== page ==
Okhuaihesuyi told The Africa Report that the resident doctors are now contemplating resuming a strike that they suspended in April, if the government does not fulfil its promises of better pay for doctors.
There are other issues of concern including salary shortfalls between 2014 and 2017 and provision of basic needs at health facilities. But Okhuaihesuyi’s major concern is that the government often reneges on its promises to doctors whenever they embark on industrial action.
“We had a memorandum of action and we signed that the salary shortfalls for 2014, 2015 and 2016 will be paid. Only for us to go when we were called by the speaker and the same people sent by the head of hospital services and the permanent secretary [at the Federal ministry of health] were saying that the government does not have money to pay; something we already signed and agreed to. So, why did you sign at all?” Okhuaihesuyi said over the phone.
“We lost 17 members to Covid-19 in 2020. And we have lost members to Lassa fever, HIV and so many other diseases. But hazard allowance is still N5,000. How can you protect yourself? And if anything happens to you as a doctor or health worker, who takes care of your own family?”
Power vacuum persists
As is often the case with previous medical trips, Buhari did not reveal any intention on Thursday to hand over power to Vice-President Yemi Osinbajo, angering many Nigerians who accuse him of flouting the constitution.
According to section 145(1)(2) of the 1999 Constitution of the Federal Republic of Nigeria, amended in 2011, the president is under a constitutional duty to transmit power to the vice-president who will then act in his place whenever he is “proceeding on vacation or is otherwise unable to discharge the functions of his office”.
“In the event that the president is unable or fails to transmit the written declaration mentioned in subsection (1) of this section within 21 days, the national assembly shall, by a resolution made by a simple majority of the vote of each house of the National Assembly, mandate the vice-president to perform the functions of the office of the president as acting president until the president transmits a letter to the president of the Senate and Speaker of the House of Representatives that he is now available to resume his functions as president,” the constitution adds.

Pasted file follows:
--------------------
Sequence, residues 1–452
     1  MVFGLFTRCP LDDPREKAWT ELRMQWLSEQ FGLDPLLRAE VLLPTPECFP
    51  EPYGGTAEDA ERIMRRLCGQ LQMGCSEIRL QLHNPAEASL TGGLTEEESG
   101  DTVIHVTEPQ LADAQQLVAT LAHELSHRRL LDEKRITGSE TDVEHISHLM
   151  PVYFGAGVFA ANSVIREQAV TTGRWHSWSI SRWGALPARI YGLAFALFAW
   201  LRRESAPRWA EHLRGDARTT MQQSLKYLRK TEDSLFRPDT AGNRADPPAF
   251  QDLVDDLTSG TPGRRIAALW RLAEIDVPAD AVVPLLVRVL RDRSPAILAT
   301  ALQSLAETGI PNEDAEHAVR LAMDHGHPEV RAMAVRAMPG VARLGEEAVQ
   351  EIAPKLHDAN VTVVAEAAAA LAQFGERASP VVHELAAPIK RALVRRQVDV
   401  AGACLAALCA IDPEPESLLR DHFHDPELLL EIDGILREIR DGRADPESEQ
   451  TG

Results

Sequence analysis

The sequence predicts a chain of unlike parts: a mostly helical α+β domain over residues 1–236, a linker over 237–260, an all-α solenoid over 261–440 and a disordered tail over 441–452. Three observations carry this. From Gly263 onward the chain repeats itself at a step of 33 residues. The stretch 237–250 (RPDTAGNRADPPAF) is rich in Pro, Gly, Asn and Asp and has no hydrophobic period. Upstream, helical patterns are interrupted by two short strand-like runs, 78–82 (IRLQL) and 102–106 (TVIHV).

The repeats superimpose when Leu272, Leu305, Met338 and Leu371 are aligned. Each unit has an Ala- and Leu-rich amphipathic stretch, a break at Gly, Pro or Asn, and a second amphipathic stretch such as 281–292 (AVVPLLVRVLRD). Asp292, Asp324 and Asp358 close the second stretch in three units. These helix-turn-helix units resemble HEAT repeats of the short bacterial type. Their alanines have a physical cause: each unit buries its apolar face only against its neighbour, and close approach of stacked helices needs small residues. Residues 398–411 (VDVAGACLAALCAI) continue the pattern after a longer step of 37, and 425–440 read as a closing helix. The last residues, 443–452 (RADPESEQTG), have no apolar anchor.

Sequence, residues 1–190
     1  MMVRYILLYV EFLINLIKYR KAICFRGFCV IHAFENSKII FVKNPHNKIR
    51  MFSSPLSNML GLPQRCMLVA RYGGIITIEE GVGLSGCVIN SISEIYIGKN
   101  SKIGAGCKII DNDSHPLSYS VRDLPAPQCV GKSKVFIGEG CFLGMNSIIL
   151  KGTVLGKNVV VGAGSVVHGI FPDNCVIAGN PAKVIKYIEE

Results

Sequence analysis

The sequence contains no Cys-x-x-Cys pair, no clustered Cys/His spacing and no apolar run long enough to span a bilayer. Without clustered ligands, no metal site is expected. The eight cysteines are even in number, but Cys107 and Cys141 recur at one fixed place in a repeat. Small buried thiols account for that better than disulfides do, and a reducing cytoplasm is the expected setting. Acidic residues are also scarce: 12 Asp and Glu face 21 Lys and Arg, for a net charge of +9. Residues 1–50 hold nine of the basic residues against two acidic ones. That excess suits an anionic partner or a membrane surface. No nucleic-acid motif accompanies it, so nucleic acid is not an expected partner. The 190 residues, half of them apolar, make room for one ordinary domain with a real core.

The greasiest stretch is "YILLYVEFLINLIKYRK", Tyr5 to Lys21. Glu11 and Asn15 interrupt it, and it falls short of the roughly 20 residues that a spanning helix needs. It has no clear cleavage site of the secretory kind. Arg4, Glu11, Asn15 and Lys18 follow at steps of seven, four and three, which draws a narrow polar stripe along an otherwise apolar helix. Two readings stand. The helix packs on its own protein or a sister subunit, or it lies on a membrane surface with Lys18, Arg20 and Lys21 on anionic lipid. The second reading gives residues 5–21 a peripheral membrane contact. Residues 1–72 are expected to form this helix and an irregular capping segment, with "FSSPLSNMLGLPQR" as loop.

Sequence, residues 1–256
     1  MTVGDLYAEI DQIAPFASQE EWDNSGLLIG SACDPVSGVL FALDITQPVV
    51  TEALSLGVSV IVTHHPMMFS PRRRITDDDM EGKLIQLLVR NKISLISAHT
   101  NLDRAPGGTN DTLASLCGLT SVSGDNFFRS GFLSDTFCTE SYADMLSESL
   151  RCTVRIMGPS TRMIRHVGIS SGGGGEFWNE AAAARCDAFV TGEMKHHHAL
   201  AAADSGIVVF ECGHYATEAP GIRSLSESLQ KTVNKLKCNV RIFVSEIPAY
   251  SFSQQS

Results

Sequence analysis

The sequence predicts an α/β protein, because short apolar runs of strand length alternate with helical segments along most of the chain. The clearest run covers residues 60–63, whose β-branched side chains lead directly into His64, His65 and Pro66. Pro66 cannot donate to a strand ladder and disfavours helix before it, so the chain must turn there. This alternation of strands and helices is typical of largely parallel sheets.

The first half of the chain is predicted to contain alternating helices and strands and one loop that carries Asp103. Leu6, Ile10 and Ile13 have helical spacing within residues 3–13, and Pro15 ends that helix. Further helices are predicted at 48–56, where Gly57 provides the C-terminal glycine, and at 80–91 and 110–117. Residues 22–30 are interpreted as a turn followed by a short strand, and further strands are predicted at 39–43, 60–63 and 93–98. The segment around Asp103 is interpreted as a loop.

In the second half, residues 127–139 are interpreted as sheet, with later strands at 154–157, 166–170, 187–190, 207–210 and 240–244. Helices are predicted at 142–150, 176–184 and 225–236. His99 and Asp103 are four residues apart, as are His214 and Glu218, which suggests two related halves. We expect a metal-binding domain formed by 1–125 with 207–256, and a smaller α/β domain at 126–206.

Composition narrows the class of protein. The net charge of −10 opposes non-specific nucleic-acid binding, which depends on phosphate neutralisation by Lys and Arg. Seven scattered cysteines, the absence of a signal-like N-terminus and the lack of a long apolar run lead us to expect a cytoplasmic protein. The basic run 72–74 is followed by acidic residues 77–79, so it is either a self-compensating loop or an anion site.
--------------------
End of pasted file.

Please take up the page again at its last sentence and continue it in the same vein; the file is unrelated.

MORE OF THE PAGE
President Buhari once argued that he has not broken any law by failing to hand over to Osinbajo but there are speculations that while acting as president in 2018, Osinbajo’s action – when he fired the director-general of the Nigerian secret police who was a close ally of Buhari – could be the reason that the number one citizen is clinging to power even on his sickbed.
As Buhari goes for a ‘follow-up’ for an undisclosed health issue, Nigerians worry about the consequences of the president’s secretive medical adventures overseas, the health sector whose annual federal allocation has not exceeded 5.9% of the entire budget (the last time it did was in 2015) continues to be overlooked and many citizens in Nigeria, currently the world’s capital of extreme poverty, will continue to see adequate healthcare as a luxury they may never afford.
“The government is not responsible enough to take care of the health facilities where we work. We don’t have the basic things to see patients; things that are common when you go abroad. So, what do we do for our own people here who can’t travel?” asked Okhuaihesuyi.
For Nsofor, Buhari’s medical trips show one thing: “That the health system is not befitting for a president like himself. And for me, that lack of political will for prioritising Nigeria’s health system is not good for us as a nation.”